Read about the Bridges Authority’s scheduled public input meetings today and tomorrow
The Sherman Minton Bridge was closed on September 9. Since that time, Horseshoe Southern Indiana has recorded significant drops in patronage and revenues, so much so that the casino’s Horseshoe Foundation recently announced a huge cash reward to the contractor for early completion of bridge repair work.
Which is to say: A variable (in this case, traffic delays owing to the bridge closure) is providing the Kentucky market with an excuse not to come to Southern Indiana, and because this variable hurts the bottom line at Horseshoe Southern Indiana, it must be eliminated.
Here, in a nutshell, is welcomed corroborating evidence offered by a bigger area business to illustrate what we’ve been saying all along: As a variable, tolls to finance the ORBP boondoggle would have a negative impact on small businesses in Southern Indiana, because tolls would be discretionary for Kentuckians. Meanwhile, working Hoosiers would pay the equivalent of a tax to reach their jobs in Kentucky.
Again and again, we’ve asked the Bridges Authority to prove us wrong. We’ve asked the Authority to conduct a study of the economic impact of tolling on small businesses in Southern Indiana, but a coherent reply has never once come from them, apart from a vague assurance that once tolling has been approved as part of the latest inviolable plan, the body would look into it in its spare time.
In refusing to take such questions seriously, the Bridges Authority is flaunting its fundamental arrogance, but far worse, it is doing an apparently intentional disservice to Southern Indiana. Revealingly, the Horseshoe Foundation’s early-completion offer, as voiced by its head, Jerry Finn, is a tacit admission of what the Authority continues to publicly deny.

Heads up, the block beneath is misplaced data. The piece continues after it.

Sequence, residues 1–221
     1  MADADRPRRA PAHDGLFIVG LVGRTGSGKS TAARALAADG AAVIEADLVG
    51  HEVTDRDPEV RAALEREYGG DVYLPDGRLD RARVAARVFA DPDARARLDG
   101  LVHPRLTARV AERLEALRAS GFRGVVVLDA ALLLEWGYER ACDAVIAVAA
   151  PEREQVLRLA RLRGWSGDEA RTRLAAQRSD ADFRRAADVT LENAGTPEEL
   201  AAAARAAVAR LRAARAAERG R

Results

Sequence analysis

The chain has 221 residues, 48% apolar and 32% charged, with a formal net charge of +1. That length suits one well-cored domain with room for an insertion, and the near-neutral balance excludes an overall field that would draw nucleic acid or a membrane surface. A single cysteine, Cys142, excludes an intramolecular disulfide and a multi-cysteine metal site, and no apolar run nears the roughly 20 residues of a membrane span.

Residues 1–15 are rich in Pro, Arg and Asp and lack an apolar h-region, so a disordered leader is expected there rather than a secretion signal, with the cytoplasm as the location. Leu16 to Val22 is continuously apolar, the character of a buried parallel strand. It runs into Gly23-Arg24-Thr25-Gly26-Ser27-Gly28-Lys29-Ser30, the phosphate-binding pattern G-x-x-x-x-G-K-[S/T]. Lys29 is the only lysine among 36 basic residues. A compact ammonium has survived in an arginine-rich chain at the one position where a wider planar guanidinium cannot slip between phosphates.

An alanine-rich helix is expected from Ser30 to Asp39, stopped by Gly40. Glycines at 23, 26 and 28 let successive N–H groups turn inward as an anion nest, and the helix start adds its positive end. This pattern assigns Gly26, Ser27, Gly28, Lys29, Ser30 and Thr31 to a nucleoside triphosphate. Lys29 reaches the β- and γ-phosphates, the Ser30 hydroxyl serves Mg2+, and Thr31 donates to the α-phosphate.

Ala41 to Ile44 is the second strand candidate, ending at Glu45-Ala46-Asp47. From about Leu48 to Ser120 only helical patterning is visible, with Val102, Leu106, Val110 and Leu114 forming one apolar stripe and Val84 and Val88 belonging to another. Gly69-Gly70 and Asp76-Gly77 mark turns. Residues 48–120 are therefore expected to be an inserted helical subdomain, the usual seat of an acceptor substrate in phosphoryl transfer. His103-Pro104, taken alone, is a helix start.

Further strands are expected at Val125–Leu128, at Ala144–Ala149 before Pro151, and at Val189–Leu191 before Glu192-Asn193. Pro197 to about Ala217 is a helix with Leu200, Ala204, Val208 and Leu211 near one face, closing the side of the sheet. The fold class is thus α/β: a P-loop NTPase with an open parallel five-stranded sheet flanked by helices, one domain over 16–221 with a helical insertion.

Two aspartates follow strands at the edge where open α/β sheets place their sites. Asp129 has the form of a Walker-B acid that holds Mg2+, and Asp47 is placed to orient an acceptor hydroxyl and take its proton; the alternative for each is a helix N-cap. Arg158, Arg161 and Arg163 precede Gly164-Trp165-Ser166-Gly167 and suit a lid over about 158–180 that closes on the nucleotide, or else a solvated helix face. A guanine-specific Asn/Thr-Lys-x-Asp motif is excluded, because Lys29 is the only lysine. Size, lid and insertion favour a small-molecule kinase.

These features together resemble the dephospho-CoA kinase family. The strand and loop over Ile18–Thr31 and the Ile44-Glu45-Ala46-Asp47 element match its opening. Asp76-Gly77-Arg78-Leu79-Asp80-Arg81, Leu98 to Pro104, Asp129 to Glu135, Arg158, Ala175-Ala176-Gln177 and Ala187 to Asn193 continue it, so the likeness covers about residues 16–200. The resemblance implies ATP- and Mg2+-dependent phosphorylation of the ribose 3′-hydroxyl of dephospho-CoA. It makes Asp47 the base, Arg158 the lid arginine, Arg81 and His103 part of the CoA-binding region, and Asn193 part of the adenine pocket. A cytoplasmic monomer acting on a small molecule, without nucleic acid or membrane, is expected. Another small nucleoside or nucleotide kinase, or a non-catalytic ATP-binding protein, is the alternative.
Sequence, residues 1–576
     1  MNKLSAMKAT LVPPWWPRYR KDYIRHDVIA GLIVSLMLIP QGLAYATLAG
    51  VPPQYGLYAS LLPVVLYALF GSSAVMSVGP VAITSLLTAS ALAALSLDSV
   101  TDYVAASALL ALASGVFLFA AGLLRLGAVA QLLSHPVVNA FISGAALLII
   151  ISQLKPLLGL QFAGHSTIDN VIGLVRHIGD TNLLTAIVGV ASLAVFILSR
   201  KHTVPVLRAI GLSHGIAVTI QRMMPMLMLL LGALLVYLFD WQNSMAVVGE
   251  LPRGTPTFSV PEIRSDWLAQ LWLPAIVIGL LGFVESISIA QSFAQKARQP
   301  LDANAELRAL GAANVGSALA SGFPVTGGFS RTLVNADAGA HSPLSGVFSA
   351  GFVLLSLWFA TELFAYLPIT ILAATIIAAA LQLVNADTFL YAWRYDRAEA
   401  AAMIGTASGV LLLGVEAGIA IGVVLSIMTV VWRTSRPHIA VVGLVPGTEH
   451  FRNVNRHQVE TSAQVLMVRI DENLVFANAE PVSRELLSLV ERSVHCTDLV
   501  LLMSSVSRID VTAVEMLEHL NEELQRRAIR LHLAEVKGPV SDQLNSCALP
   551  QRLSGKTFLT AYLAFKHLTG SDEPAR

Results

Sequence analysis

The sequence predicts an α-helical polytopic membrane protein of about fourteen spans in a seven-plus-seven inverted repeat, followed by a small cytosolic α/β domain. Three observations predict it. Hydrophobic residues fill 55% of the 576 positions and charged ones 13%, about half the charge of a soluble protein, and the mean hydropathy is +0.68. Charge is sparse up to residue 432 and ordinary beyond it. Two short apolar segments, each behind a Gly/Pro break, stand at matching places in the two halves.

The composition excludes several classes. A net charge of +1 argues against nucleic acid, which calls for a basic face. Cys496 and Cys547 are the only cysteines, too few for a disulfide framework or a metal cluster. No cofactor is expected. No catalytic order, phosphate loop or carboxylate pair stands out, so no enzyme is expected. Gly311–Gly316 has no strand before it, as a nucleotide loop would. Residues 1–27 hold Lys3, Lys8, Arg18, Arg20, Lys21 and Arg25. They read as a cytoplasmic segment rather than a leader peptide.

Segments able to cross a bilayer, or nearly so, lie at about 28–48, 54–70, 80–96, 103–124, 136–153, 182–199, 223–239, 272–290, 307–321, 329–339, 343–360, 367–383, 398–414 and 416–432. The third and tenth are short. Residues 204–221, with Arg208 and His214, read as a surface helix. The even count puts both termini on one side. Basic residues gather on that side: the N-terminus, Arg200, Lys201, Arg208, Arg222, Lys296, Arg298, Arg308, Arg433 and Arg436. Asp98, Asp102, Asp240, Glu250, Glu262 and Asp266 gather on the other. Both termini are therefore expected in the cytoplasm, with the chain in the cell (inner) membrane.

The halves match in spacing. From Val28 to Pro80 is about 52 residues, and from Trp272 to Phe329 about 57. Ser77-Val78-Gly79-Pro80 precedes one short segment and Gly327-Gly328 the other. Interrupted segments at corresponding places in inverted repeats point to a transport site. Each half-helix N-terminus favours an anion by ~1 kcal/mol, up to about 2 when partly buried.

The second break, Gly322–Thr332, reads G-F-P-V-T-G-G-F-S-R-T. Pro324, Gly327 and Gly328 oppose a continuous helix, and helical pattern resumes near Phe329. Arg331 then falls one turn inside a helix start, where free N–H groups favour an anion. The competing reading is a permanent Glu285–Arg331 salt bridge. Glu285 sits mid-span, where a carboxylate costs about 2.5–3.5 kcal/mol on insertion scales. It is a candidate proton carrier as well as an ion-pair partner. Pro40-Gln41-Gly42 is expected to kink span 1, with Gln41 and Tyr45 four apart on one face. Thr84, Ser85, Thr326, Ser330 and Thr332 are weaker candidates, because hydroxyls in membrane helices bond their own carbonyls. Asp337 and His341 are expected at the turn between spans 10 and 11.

Deliciously, Finn is now in the splayed position of publicly advancing a de facto case against tolling while wearing his day-job cap at Horseshoe Foundation, while continuing to mouth the flawed reasons in favor of tolling when performing his role as Bridges Authority member. As Abraham Lincoln might have observed, an argument divided against itself cannot stand. In fact, it has not stood. The only question is whether Finn himself as yet grasps the untenable conceptual space he currently occupies. In my view, he has a choice to make. Will he?
Back on November 18, 2010, my newspaper column was titled, “The Bridges Authority has no clothes.” If there’s such a thing as being more naked than naked, that’s where the collective entity finds itself now … one member more than the rest. You can reread the column here.